Stereo Help

Stereo provides an image which truly appears 3D. The relative depth of structures is often times perceived much better in stereo than in mono. The stereo widget is gotten from the Goodies menu on the DAVE Master widget. Stereo is much easier on the Dells with their dual screens.

Before you get into stereo mode on a system with just one screen (i.e., anything

except the Dells):

It is recommended that you move all of your DAVE widgets to the upper half of the screen (and along an edge which has no other windows along it). It is ok if they must overlap to do this.

If you really want to know why: Stereo on Graphics is produced by creating two images (one for the left eye and one for the right eye). One image is put in the top half of the monitor and the other in the bottom half. The monitor is then put in a funny display mode that stretches the screen vertically by a factor of two. Thus, an image in the top half fills the whole screen. But, what to do with the image in the bottom half? No problem, just redraw the image on the monitor really quickly, this time drawing the bottom half (which is also stretched by a factor of two so it too fills up the screen). Thus the two images appear sort of ghostlike on top of each other. When you are wearing the stereo glasses they shutter on and off the image to one eye or the other so you see stereo. Now, back to the widgets. If you have nonstereo images (e.g., images of widgets, other windows, etc) being displayed on the monitor, they too undergo this funny transformation. So, stuff that is on the top of the monitor will appear as a ghostly image on top of stuff in the bottom half of the monitor. Thus, it is simplest to make sure there is nothing in the bottom half of the monitor to confuse us.

You may also want to resize your main viewing window prior to entering stereo, since it is not allowed to change a window's size after entering stereo. So, if you are planning on viewing raytraced images (which are too slow to draw unless the window is tiny - see the rendering widget's help) you should resize the window prior to entering stereo mode.

The cursor can also be in the top half or the bottom half of the screen, and you will have a hard time telling. It will also move vertically twice as fast as you are used to (since half the monitor fills the whole screen). When in doubt, just keep moving it up until it will no longer go any further (if it was in the bottom, it will appear to wrap around and reappear at the bottom, keep going). This is assuming all your widgets are in the top half so that is where you want to move your cursor to.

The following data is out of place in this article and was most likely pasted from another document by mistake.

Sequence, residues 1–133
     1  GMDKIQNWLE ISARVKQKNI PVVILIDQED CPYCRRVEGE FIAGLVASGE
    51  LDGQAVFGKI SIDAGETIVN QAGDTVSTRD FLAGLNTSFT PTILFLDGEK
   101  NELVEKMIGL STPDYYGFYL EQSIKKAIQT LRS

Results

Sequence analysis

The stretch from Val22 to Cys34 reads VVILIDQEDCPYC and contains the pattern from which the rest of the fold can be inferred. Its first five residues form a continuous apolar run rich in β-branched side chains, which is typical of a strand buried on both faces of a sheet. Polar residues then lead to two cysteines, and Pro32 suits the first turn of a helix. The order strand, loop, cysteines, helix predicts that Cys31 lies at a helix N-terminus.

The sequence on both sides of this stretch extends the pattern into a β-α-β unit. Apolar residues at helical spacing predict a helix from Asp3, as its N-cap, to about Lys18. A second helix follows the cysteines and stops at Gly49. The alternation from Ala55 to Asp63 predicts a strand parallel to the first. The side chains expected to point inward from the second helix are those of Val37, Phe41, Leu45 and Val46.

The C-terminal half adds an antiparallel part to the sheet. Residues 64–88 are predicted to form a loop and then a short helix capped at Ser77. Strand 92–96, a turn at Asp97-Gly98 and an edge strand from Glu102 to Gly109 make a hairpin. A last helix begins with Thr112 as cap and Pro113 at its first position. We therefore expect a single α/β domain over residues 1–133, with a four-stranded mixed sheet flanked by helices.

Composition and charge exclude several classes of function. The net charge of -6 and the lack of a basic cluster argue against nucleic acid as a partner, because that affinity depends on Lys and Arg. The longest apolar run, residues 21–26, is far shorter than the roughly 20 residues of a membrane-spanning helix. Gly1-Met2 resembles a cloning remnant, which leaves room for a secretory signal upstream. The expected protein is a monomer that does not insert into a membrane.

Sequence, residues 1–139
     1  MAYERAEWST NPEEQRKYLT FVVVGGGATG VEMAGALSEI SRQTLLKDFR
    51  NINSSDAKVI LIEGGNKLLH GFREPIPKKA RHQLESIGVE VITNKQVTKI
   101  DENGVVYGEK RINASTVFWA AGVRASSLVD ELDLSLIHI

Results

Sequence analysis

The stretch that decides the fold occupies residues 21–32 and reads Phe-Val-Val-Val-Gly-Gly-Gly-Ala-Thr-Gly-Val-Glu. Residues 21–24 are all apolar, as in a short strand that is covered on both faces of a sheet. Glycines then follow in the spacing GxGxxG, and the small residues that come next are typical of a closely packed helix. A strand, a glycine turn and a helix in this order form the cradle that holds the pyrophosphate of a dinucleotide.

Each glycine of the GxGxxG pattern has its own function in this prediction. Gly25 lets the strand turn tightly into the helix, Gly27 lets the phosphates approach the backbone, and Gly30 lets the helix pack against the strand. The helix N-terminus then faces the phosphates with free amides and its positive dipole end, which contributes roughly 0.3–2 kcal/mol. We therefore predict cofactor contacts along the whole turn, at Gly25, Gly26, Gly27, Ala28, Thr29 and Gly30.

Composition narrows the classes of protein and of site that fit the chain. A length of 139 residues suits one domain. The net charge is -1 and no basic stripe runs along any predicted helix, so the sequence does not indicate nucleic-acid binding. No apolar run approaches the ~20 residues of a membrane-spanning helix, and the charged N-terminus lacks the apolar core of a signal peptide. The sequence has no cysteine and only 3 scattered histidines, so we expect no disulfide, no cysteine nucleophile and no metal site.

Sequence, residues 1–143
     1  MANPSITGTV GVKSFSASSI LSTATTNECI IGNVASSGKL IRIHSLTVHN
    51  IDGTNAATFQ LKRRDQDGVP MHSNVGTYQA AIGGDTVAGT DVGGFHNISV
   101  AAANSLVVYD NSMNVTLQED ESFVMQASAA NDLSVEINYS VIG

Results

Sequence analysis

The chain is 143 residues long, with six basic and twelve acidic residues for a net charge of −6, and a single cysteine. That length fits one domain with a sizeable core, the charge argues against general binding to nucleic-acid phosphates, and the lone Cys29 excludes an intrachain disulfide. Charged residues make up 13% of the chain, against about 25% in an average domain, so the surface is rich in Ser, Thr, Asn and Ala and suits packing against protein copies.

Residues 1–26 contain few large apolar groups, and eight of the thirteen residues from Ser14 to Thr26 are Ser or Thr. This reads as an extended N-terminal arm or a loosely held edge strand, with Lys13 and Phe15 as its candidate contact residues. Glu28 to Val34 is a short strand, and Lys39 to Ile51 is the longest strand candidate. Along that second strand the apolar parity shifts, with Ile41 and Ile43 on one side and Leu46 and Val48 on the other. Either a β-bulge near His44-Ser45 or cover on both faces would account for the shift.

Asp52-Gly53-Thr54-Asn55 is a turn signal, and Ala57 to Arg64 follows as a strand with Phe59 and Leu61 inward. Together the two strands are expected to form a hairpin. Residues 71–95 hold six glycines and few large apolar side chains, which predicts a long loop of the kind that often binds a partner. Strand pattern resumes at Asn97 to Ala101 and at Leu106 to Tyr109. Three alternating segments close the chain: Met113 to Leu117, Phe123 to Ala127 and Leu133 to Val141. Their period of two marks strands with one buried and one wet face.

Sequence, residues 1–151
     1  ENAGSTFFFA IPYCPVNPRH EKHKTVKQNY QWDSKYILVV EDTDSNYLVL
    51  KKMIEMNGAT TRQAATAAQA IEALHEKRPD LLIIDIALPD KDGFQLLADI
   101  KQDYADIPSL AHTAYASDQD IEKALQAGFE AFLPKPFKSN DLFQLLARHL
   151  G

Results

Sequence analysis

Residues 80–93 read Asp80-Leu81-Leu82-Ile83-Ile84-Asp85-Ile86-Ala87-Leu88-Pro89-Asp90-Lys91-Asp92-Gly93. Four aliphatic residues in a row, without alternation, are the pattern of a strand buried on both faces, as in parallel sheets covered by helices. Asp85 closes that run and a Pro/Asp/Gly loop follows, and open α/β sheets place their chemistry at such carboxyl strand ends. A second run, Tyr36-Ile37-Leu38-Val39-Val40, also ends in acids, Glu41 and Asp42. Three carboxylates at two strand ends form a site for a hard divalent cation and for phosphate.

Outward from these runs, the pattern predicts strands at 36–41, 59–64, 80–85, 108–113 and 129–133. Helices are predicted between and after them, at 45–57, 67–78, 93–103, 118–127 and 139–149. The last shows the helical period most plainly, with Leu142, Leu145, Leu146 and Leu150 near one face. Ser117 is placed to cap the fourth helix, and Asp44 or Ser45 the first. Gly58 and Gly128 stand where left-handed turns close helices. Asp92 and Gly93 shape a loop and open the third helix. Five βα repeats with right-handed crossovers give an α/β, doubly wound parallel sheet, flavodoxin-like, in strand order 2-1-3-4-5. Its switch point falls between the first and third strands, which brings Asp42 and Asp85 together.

Getting into and out of Stereo Mode

By clicking on the MONO toggle, you will toggle the system into stereo mode. You can then click on STEREO to return to mono mode. Pressing an S when the cursor is in the viewing window will also toggle between mono and stereo modes. It is recommended you leave your image in low resolution until the picture pops up correctly (as this will speed up generation of any incorrect images along the way). On the Linux systems, you need to flip up the switch on the back of the Stereographics sync doubler (on top of the 2nd monitor) and flip the range switch, so a red transmission light appears on the sync doubler. The Dell dual-display systems will automatically put the stereo image on the CRT display, you should leave all your DAVE widgets on the flat screen display. You may need to power on the CRT. If the monitor goes blank after you switch on the sync doubler you need to change its display frequency by typing Ctrl-Alt-+ (the Control, Alt, and far right Plus key all at once). If you see streaky lines across your image once in sync doubled mode, it is probably due to a non-black screen background. Right click on the background, pick Configure Desktop, then Background, then make sure your background and wallpaper are flat and black. Once the stereo glasses are on your head, tip your head about 45 degrees when looking at the (mono) flat screen monitor to get the best view. Adjust the stereo angle slider until the separation between the two images is large enough to produce stereo, but not so large that the two images are very different (and hence hard to fuse into one stereo image). Usually the more magnified the image and the more the image points into/out of the screen, the smaller the angle should be. The stereo glasses do not have to be plugged in, they use batteries. Once in stereo mode, press the button on the right side of the glasses to activate them. Pressing the button again will turn them off. You have to be within about 3 feet of the monitor and looking at it for the glasses to be active, otherwise they automatically just go clear. There are 3 pairs of glasses if several people need to view stereo simultaneously. On the dual-screen Dells, once the stereo glasses are on your head, tip your head about 45 degrees when looking at the (mono) flat screen monitor to get the best view. Please turn the glasses off before leaving stereo mode.